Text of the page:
We often meet customers who have made significant investments in technology solutions, yet they find their network uptime and performance levels to be under expectations. Why? Everything looked good on paper. Even the proof of concept was successful.
Over time, delivering maximized network efficiency on busy enterprise networks poses a number of challenges and questions for most IT departments. How do we quantify network efficiency? How do we become proactive in insuring our network doesn’t ‘slow down’ or ‘go down’? How do we get the information we need to manage network efficiency? What do we do with the information once we have it? Who takes the responsibility? What’s the key to insuring ongoing maximized network efficiency in the face of constant change?
Today’s enterprise data networks are highly dynamic. ‘As built’ deployments may be successful for day one, but will always need to adapt to change in order to continue delivering acceptable returns on the investment. Things change on busy data networks constantly. New users, new applications, new factors, new equipment, new conditions and new occurrences are always in play. The unique demands placed upon IT departments, combined with the nuances of maintaining enterprise networks, often prevent CIOs from achieving optimal efficiency. Constant change, a given, poses continuing obstacles to maintaining network efficiency.
In the face of constant change, IT professionals are required to successfully perform job one: Maintaining network uptime and optimizing networking performance. IT problems in the modern enterprise tend to be urgent, while IT resources tend to be limited. Profitable operations depend in large part on efficient IT operations. When the network slows down or goes down, it needs to be repaired quickly. In order to be repaired, the issues must be understood. Without the right resources engaged, this likely means large volumes of time are dedicated to putting out fires. And in most cases these reactive IT ‘cultures’ prevent the development of needed proactive resources and processes.
As change is the norm, proactively preparing for change and effectively responding to the impact of change are the keys for maintaining optimized network efficiency. Well managed network efficiency is possible by deploying three critical components.
TOOLS to notify on the presence of change is the basic element for any successful managed networking efficiency strategy. In an active and vibrant data network there will be constant new issues/factors/conditions/occurrences that, if left unattended, will cause networks to slow down or go down. Having the right tools to bring these potential threats to network efficiency to light is the first step in any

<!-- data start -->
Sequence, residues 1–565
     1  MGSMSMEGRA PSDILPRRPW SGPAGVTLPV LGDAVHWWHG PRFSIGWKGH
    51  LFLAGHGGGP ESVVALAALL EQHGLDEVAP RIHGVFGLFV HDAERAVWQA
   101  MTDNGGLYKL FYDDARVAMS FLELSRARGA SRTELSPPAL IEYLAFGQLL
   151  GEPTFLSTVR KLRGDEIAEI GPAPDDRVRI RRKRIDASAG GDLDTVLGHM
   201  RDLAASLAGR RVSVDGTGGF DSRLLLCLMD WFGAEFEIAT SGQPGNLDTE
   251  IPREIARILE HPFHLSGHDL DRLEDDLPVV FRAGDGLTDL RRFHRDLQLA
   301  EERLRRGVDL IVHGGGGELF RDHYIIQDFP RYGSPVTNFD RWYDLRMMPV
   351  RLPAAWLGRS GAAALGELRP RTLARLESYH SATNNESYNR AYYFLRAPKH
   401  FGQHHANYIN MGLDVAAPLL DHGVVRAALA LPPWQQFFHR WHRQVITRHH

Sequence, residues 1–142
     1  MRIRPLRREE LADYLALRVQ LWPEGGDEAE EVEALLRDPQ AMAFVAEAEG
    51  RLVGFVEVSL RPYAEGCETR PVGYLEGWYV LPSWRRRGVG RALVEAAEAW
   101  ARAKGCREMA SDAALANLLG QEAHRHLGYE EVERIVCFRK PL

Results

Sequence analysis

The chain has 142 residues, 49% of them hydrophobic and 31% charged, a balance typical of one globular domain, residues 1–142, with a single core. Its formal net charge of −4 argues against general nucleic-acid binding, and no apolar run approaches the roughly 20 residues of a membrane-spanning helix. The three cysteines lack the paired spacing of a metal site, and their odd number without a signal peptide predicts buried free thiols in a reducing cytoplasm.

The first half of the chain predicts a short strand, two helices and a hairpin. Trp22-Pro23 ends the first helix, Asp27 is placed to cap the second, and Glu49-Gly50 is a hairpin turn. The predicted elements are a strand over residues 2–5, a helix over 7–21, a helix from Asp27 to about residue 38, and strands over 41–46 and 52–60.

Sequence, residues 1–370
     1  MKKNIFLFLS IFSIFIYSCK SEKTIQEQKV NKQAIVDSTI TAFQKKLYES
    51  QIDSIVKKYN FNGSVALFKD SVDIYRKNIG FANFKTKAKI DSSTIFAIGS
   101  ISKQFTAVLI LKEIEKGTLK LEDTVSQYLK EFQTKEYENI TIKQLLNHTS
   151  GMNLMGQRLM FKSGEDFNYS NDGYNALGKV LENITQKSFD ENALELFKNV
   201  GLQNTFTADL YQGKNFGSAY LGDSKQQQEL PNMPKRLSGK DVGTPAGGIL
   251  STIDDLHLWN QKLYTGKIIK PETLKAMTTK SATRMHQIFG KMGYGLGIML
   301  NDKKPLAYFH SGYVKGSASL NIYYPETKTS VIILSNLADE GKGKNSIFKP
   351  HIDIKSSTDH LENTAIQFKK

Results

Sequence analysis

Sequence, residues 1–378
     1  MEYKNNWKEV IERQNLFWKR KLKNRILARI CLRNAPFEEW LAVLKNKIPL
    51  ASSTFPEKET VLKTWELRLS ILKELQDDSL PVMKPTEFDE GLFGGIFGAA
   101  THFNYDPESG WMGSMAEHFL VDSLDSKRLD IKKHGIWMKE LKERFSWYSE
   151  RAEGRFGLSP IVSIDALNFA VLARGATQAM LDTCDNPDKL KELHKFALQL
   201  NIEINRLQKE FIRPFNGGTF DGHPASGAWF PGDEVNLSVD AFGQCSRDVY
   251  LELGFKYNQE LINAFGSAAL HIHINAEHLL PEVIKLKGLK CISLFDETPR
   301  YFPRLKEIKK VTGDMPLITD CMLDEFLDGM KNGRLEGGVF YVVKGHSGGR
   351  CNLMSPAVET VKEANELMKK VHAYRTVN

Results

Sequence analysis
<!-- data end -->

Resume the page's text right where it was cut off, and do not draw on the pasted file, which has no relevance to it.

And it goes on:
managed network efficiency effort. One thing is certain for any mission-critical data network; things will change. Receiving advanced notification of potential problems is the first step in managing network efficiency.
Defined and established PROCESSES which direct specific procedures for response to potential threats to network efficiency are also a necessary and indispensable component. Having accurate and operable information is one thing. Knowing what to do with it is another. Also knowing what information is actionable and what is not can make the difference between a successful managed network efficiency effort a colossal waste of time. The credibility of IT management is usually defined by its processes. False positives are a huge threat to sustaining successful managed network efficiency. Generating and/or not filtering large volumes of inaccurate, redundant or uncorrelated information will erode confidence in the tools and processes deployed and lead to complacency in the effort. The proper processes can insure that IT efforts to maintain network efficiency are appropriate, relevant and targeted.
Actionable information and established processes set the stage for effective network efficiency management. With the appropriate tools and processes in place, delivering maximized network efficiency is now in the hands of PEOPLE. The nature of dynamic networks does not lend itself to automated efficiency. There are simply too many moving parts and variables to automate the process. Maintaining the efficiency of highly dynamic data network requires the human element. TOOLS and PROCESSES are the prerequisites. And PEOPLE, trained and positioned to respond, are the ultimate antidote for sluggish and unstable data networks.
Maintaining the efficiency of dynamic, growing and mission-critical networks continues to pose a hefty challenge for today’s CIOs and IT management professionals. Defining, sourcing and deploying the requisite TOOLS, PROCESSES and PEOPLE is generally outside the reach of most mid-market organizations. Outsourced network efficiency solutions (e.g. Starnet’s STARWATCH) can pay big dividends in increased network uptime and maximized network performance. The technology partner that can bring this kind of outsourced service (NEaaS – Network Efficiency as a Service) to the mid-market enterprise can be an invaluable asset for today’s under-staffed and overburdened IT departments.